Wednesday, 22 June 2011

ABC Tour – Cawder Castle,


Our initial plans were to go to John O’Groats at the very top of Scotland, but we decided a few days ago not to head that far north.  Therefore, this morning we started to head east again.  More rugged terrain.

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The odd thatched cottage.

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More lochs.

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The weather continued to be cloudy and quite cool, like the previous few days, only reaching about 13 degrees.  We have no real plans from now on, not that that is much different from the rest of our trip.  We are just wandering around. 

Whilst riding along we saw the sign to Rogie Falls, so went to have a look.

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We came back through the top of Inverness and over another big bridge.  This is the Kessock Bridge and is having some major road works done, which means delays during peak hour.  Fortunately, it didn't affect us at all.

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We decide to have a look at the “lump” to the east of Inverness, where Aberdeen and the Grampians are.  We were surprised how quickly the terrain changed from rugged, to lush, relatively flat, farmland.  As we were riding along we saw a sign for Cawder Castle, so decided it was time we visited another Castle.  I’d heard of Cawder Castle from Macbeth, but in reality Shakespeare’s play was set in the 11th century and the castle wasn’t built until the 14th century, so it has nothing to do with it.

The driveway was even impressive.

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After a late lunch of nice, hot soup we looked through the castle. 

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Over the drawbridge.

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Unfortunately, no photos were allowed inside.  This castle is not a National Trust property and you just wandered through and read the signs as you went. There was hardly anyone else there at the time, so there was no rush and we could see and read things properly.  The castle is still the winter home to members of the family.  Quite a few of the rooms had tapestries dating back to the 1600s hanging on the walls.  It meant you got a true feeling for how these buildings were used, rather than seeing the cold stone walls and thinking that is how it was.  I love this little turret room.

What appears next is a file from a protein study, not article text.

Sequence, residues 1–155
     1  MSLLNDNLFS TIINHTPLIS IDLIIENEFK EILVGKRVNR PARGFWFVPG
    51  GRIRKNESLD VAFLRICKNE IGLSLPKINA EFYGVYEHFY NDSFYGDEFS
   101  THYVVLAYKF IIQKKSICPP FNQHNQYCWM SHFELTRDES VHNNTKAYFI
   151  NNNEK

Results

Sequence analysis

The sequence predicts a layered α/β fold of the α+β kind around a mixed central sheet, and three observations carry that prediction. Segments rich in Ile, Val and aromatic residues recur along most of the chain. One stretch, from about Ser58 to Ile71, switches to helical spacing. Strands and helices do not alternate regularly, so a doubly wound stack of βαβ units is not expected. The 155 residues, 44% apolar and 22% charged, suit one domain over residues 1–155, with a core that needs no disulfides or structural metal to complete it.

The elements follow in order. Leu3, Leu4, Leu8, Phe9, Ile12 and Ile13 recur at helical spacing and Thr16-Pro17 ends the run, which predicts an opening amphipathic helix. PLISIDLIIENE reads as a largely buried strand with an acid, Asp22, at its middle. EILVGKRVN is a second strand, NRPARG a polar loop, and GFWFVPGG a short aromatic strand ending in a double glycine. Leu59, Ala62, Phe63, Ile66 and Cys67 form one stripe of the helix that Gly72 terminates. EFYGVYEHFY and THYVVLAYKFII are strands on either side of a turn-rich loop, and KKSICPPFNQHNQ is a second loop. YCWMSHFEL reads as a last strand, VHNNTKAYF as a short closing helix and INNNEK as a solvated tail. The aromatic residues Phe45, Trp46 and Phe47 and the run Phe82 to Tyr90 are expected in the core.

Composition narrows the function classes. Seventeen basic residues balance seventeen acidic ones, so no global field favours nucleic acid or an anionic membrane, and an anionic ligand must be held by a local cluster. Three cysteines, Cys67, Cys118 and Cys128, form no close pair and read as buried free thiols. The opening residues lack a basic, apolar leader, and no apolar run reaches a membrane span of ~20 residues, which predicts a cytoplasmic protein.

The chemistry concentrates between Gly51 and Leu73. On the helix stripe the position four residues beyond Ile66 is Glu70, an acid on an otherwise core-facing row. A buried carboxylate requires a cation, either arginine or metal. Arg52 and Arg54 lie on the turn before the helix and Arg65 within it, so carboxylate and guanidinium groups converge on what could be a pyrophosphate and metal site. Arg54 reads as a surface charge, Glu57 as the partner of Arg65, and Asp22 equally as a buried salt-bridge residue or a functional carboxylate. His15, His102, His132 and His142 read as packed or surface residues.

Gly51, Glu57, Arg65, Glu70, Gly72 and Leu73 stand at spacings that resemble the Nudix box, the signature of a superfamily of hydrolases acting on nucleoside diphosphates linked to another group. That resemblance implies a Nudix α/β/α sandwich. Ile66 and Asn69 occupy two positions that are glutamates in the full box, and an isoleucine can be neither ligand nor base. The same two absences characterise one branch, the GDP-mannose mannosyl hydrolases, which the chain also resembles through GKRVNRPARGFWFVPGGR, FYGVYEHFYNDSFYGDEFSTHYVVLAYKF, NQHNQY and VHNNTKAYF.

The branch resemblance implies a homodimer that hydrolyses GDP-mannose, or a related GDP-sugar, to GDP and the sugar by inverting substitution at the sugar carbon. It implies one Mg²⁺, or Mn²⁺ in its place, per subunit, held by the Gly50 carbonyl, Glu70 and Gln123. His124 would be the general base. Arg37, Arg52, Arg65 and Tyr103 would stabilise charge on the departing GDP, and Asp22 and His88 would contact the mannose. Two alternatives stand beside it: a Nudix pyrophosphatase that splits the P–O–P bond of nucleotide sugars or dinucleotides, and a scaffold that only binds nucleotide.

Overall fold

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Not only was the castle spectacular, so was the garden.  We had a lovely time wandering around, finding different rooms and the maze.

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This part looks more like a country house than a castle.

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By then it was time to think about finding accommodation for the night.  A lady at the castle told us that there were some nice B & Bs in Nairn, along the waterfront, so off we went to find one.  What a great recommendation.  This is the view from our window.  You can’t get much better than that.

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The weather improved during the afternoon, so we went for a bit of a walk around the town and were pleasantly surprised.  It was quite different from the last few days, as there weren’t many tourists.  The harbour was pretty.

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There was a statue of a Fishwife, which had incredible detail, right down to the knitting in her cardigan and fringe on her shawl.

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There was even a sandy beach.

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So I played.

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The sun even came out for a short while, so we sat and soaked it up.  There was lots of activity on the cricket ground, as they were preparing for a primary school cricket day.  Here’s hoping the weather holds.  We had a chuckle when the old roller came out to prepare the wicket.

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And finally, the band stand has an Aussie connection.  It was built using funds gifted by a local man who had moved to Ballarat in the 1800s and made good.

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So, considering we had no plans for the day, we had a lovely time.  The castle and gardens were well worth seeing and Nairn was a lovely town to stay in. 

Let’s see what tomorrow brings.

1 comment:

Melody said...

Fabulous photos of wonderful places.